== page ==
Into the wood this day in June
Belongs to a wasp jejune
Pest of the insect world vying
To control working to impugn
The peace we rented here flying
About this space we want to claim
My love man of calm spoils reclaims

Karren LaLonde Alenier is the author of six collections of poetry, including Looking for Divine Transportation, winner of the 2002 Towson University Prize for Literature. Forthcoming in late 2015 from MadHat Press is a seventh collection of poetry, The Anima of Paul Bowles.

Three Poems by Dwayne Martine

Red Rock Meditation  

I collect shadows
   as I walk
into the twilight
   ridden piñon,

lulled into the sky,
hushed by work strangers
   each of us

hauling armfuls of
   the quiet
like gathered cedar

We climb towering
red sandstone cliffs near
   my birthplace,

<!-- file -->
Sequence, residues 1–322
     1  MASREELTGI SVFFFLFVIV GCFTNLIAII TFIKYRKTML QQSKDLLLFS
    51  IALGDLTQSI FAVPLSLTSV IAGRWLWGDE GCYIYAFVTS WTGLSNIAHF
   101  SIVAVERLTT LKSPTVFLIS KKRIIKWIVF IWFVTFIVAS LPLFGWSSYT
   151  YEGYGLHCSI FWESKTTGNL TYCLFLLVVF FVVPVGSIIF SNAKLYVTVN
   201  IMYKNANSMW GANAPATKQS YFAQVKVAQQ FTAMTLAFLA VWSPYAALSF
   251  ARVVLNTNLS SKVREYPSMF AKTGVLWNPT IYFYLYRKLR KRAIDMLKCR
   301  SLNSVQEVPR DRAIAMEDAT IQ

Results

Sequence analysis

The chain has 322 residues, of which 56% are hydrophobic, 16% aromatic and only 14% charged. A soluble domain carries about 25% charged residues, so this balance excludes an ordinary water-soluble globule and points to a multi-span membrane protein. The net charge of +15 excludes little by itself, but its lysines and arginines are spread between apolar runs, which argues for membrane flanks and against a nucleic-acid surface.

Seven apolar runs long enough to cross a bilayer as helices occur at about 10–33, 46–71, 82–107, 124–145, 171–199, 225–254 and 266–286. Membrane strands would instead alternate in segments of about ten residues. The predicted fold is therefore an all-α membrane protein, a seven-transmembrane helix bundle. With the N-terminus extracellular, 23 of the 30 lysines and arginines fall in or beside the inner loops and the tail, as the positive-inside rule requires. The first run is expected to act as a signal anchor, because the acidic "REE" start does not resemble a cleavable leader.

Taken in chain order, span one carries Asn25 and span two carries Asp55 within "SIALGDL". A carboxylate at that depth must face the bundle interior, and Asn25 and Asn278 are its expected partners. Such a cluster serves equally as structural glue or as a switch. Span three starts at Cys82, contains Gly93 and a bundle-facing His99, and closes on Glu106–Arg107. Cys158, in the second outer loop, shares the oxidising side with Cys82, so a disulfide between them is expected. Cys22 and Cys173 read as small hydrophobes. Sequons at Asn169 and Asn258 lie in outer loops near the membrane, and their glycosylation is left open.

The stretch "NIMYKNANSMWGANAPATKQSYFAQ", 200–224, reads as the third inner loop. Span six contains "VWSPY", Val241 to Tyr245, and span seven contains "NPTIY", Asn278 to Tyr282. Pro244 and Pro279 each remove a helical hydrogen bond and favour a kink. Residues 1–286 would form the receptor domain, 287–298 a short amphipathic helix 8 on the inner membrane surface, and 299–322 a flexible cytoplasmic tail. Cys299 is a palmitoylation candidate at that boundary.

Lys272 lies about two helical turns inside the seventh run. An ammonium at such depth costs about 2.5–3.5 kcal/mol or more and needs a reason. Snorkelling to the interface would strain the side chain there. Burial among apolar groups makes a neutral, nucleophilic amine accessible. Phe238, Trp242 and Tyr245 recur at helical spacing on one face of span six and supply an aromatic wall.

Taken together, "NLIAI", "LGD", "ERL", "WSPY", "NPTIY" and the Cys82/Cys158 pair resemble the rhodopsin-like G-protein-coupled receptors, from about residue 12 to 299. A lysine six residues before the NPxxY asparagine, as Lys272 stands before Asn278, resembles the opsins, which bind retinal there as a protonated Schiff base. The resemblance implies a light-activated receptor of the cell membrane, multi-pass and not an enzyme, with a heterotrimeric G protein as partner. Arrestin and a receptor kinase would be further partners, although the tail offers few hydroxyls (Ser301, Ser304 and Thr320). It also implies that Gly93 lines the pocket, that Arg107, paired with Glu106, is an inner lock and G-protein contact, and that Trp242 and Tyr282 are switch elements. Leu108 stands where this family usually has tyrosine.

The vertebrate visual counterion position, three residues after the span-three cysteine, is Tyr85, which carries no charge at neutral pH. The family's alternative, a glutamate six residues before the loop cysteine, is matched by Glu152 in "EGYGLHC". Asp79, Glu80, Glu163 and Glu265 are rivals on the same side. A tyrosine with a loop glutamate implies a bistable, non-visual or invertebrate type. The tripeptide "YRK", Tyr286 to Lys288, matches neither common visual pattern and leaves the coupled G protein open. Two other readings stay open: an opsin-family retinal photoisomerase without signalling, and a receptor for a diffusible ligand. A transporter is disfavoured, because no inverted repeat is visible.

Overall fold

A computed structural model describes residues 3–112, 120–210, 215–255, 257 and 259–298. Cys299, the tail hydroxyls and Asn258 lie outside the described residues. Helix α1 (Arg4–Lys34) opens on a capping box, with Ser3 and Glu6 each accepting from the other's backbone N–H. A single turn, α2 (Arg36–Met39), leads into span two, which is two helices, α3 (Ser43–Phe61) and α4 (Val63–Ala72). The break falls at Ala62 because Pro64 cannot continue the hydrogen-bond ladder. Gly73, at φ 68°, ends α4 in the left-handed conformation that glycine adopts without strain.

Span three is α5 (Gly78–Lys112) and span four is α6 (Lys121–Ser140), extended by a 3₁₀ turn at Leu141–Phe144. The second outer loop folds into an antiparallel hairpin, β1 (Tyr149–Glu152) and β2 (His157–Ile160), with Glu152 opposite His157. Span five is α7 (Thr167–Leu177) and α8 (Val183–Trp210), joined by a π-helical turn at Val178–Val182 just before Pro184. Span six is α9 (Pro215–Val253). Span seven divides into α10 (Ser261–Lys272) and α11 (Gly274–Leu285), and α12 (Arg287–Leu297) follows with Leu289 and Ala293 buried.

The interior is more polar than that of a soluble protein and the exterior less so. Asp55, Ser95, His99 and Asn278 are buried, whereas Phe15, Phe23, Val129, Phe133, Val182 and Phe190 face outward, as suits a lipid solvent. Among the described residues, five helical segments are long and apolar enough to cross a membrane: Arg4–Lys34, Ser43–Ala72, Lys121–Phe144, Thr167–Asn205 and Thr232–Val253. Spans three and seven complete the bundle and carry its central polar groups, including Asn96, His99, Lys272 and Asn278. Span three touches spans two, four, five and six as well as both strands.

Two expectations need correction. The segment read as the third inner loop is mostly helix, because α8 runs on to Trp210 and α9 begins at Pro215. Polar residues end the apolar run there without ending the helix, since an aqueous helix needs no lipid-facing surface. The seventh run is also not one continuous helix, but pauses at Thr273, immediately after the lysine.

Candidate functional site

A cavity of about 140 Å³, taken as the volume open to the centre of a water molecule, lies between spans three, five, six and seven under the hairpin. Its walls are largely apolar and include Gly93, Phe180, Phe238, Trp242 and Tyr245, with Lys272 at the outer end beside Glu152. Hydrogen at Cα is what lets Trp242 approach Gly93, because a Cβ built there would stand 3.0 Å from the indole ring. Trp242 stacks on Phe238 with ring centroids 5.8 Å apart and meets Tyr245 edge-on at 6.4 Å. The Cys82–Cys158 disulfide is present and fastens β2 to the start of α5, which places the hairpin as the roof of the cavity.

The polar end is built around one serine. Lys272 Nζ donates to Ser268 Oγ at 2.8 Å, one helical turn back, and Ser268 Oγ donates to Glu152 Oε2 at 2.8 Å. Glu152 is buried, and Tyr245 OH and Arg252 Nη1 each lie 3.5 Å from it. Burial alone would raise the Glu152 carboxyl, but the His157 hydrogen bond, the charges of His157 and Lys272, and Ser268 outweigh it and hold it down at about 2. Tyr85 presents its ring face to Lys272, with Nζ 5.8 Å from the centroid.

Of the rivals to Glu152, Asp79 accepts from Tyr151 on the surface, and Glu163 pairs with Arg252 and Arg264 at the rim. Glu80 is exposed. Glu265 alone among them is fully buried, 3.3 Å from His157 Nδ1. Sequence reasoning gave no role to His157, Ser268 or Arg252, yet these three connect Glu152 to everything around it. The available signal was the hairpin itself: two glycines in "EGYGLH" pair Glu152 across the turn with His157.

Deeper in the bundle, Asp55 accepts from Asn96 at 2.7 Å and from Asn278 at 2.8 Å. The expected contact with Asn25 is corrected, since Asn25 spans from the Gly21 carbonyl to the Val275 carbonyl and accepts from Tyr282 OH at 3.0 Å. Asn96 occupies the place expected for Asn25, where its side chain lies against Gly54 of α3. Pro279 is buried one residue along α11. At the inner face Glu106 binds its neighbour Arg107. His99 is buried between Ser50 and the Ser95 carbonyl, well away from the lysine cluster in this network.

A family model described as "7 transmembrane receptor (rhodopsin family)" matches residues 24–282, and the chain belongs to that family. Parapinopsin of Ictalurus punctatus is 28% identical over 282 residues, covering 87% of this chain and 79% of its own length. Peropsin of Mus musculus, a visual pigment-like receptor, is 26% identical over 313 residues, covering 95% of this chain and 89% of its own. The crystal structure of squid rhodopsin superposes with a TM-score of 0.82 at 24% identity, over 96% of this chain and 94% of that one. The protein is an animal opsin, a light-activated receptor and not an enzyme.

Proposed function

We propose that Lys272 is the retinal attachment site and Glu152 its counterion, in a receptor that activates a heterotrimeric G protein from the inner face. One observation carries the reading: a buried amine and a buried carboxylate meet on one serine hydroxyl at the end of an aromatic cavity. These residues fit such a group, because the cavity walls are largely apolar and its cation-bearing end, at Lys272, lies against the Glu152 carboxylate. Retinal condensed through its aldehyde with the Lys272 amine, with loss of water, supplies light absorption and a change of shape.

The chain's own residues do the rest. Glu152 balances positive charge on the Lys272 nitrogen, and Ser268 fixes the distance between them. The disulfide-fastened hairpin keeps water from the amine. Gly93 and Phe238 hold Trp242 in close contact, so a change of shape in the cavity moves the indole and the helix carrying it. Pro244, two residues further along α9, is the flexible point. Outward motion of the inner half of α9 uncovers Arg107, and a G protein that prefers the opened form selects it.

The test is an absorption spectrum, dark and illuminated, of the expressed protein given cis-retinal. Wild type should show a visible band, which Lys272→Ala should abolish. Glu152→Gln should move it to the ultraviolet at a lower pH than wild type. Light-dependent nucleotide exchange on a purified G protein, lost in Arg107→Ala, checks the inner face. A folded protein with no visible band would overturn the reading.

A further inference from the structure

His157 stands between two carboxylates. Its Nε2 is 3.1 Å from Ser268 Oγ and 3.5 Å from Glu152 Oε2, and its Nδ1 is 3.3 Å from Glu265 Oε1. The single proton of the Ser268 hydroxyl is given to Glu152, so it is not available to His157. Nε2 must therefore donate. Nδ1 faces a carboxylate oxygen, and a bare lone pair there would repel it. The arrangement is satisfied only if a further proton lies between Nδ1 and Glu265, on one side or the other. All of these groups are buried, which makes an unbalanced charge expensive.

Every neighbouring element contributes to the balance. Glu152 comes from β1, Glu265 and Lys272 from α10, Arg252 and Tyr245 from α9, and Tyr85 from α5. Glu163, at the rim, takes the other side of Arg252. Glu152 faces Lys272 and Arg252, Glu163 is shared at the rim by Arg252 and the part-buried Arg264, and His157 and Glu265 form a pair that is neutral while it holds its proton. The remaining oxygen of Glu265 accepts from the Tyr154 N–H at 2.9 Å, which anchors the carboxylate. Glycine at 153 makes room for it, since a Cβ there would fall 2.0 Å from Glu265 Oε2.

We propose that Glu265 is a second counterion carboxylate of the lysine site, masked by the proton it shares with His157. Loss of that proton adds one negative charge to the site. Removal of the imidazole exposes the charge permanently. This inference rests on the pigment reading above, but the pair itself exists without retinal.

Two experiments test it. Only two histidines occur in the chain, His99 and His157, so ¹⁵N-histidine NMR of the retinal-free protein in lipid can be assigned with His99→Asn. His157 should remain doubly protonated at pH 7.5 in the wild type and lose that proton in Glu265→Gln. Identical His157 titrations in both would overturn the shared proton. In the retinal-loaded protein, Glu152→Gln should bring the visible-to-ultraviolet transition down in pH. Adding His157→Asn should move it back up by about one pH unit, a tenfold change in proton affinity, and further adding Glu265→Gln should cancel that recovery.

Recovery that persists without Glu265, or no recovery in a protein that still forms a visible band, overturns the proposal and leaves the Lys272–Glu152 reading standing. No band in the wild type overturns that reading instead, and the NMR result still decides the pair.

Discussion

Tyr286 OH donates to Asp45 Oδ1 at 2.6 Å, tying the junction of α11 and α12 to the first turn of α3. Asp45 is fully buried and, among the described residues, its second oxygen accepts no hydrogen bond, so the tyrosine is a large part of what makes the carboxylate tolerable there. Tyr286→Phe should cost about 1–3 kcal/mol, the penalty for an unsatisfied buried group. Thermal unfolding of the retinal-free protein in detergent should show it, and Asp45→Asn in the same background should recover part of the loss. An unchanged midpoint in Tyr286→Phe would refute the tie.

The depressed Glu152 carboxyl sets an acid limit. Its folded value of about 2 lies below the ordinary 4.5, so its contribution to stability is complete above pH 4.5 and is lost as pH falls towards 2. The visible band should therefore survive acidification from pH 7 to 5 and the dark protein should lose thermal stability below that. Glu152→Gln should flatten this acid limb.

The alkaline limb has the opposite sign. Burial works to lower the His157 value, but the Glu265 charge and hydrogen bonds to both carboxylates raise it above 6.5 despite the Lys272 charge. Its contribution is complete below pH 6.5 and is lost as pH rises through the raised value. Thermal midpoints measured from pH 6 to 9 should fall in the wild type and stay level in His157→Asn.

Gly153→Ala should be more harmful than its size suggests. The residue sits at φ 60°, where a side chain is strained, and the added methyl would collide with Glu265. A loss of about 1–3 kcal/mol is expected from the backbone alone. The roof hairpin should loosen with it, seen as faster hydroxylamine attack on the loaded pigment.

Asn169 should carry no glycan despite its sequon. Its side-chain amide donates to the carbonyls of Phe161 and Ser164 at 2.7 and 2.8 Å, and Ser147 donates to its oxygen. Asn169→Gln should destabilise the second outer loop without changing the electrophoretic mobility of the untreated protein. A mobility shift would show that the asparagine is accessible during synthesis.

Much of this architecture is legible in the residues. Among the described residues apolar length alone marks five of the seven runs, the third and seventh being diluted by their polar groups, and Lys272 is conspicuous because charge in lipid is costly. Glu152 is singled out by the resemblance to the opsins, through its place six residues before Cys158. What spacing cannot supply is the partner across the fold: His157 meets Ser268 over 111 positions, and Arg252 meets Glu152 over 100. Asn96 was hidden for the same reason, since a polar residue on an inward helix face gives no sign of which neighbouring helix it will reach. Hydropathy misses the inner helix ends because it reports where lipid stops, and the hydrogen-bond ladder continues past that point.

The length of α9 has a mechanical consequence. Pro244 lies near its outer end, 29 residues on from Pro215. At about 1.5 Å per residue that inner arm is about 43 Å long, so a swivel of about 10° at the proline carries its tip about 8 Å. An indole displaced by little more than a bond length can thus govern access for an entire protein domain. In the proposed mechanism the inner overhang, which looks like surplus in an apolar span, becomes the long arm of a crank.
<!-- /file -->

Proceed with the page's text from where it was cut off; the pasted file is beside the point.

along a razor
   wire fence,
carting a backpack
   of sixers

and a liter of
up a trail not

for uninducted
ascending until
   only gas

refinery lights,
   the risen
moon and our closing

compel us forward.
   We do not
look down because there
   is nothing

else, gathered around
   the fire
with each other, but
   this first drink,

this last imbibed dark
to lives lived edge close,
   burden free,

balanced between work
   and future,
memory and night,
   not yet reeled

into tragedy’s
device. We drink and
   laugh as each

devastation of
   a failed
transmission or a

four-hundred year old
   hurt melts and
is forgotten in
   the liquid

warmth of precipice’s
   darkened clutch.
In a still moment,
   as the wind

shifts and the laughter
   stops, I pray
this night to never
   end, I pray

to halt our peace-flight
   march to the
   red stone brink.

Imperial Nostalgias
a Navajo Film

Looking into the mirror, I could
be anyone:  an Italian, Latin,
dirty Burt Reynolds in another
feather. I’m sweating under

these thousand stage lights, my
skin burning and dripping like
wax, yet still I return for revenge,
for a white man’s love, for

easy justice, for a place where
civilization’s word does not
apply but my anger does. Just